PjMjðinclusiveÞ; rj; pj ¼ pjCmax:

Scheduling problems with inclusive processing set restrictions have been studied by many researchers; see Leung and Li (2008) for a survey on scheduling with processing set restrictions in general and Lim (2010) for a survey on scheduling with inclusive processing set restrictions in particular. See also Lee et al (2013) for a recent review of online scheduling problems with processing set restrictions. When job preemption is not allowed and the processing times and release dates of jobs are different, the problem is NP-hard in the strong sense (Lawler et al, 1993). Li and Wang (2010) have developed a polynomial *Correspondence: Chung-Lun Li, Department of Logistics and Maritime

Studies, The Hong Kong Polytechnic University, Hung Hom, Kowloon, Hong

Kong, China

E-mail: chung-lun.li@polyu.edu.hk

Journal of the Operational Research Society (2014), 1–8 © 2014 Operational Research Society Ltd. All rights reserved. 0160-5682/14 www.palgrave-journals.com/jors/ time approximation scheme for this problem. When jobs have equal processing times, the problem becomes polynomial time solvable. Lee et al (2011) have developed a polynomial time algorithm for PjMj; rj ; pj ¼ pjCmax; which allows a general processing set restriction (ie,Mj can be any subset ofM). This algorithm has a running time of O(m3/2n5/2logn). As our problem is a special case of PjMj; rj; pj ¼ pjCmax; it can be solved by Lee et al’s (2011) algorithm. As mentioned above, our problem is an important special case with specific applications. Therefore, in this paper we would like to present a more efficient algorithm for our problem with a running time of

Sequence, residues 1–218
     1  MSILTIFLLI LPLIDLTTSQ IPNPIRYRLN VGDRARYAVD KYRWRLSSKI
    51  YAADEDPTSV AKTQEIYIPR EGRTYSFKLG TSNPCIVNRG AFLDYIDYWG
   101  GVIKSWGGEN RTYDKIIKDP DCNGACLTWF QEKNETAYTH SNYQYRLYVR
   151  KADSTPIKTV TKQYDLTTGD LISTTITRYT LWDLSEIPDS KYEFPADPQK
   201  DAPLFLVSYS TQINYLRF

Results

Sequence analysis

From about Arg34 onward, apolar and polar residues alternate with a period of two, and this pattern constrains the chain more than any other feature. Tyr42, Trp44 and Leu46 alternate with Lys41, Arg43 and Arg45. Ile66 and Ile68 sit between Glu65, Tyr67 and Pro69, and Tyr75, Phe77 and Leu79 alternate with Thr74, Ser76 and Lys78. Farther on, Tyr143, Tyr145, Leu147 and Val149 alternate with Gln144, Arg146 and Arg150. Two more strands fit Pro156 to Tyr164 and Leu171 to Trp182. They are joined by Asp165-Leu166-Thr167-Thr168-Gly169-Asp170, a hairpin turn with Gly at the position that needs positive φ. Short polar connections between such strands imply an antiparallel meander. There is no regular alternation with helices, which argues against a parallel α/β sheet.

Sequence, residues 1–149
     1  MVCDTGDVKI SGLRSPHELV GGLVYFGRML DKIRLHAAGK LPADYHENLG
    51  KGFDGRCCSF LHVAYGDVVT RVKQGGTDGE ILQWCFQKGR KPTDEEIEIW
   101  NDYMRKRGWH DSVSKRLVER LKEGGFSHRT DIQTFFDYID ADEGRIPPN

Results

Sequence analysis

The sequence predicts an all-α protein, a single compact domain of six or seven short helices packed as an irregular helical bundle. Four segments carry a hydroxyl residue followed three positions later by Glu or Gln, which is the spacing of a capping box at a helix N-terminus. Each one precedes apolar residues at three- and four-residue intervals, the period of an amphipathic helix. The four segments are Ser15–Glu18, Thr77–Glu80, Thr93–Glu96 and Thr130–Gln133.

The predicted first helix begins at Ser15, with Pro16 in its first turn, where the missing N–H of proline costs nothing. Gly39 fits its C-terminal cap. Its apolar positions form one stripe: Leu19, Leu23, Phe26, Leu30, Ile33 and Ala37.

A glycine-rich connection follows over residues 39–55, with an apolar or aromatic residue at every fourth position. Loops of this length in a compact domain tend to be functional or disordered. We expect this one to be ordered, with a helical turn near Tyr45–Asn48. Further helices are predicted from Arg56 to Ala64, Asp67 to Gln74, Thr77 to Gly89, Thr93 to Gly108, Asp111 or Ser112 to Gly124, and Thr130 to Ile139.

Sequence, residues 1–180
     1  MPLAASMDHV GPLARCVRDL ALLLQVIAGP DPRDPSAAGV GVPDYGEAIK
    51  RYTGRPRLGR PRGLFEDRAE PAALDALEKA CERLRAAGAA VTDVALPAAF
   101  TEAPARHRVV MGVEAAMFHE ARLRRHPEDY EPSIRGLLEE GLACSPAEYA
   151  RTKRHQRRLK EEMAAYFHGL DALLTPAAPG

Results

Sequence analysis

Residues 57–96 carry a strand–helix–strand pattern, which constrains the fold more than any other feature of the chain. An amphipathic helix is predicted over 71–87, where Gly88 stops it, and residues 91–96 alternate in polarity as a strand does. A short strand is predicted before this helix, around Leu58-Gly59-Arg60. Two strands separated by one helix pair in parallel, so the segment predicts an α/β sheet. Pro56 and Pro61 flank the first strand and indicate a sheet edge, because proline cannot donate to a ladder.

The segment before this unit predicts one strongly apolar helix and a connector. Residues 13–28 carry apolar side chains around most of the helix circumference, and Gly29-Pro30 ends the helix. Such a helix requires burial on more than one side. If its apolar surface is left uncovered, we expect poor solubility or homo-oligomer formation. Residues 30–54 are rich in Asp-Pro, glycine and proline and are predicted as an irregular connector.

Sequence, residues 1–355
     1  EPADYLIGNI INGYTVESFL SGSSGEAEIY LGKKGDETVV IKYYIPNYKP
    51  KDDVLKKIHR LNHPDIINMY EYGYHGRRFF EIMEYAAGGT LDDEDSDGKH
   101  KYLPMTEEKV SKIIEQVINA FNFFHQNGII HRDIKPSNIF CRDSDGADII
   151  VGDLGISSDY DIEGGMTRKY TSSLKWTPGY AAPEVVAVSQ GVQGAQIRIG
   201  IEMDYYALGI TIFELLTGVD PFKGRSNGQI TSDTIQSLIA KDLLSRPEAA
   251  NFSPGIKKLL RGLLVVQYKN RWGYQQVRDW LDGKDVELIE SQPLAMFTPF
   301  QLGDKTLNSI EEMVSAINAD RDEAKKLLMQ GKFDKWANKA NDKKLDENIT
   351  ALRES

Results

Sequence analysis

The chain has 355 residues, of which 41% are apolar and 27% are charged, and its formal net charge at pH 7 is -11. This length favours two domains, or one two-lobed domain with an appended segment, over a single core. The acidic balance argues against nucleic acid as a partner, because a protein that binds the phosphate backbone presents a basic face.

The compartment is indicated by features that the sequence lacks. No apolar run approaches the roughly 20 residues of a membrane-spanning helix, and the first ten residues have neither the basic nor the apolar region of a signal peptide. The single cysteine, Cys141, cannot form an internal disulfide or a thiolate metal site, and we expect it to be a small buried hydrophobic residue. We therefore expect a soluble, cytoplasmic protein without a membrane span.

O(n2 +mnlogn).

Another work related to this research is presented by

Li (2006), who has developed an O(n2(m+ logn)logn) algorithm for PjMj; pj ¼ 1jCmax: In his model, the jobs do not have any release date and are available for processing at time 0. 2. The solution procedure and its complexity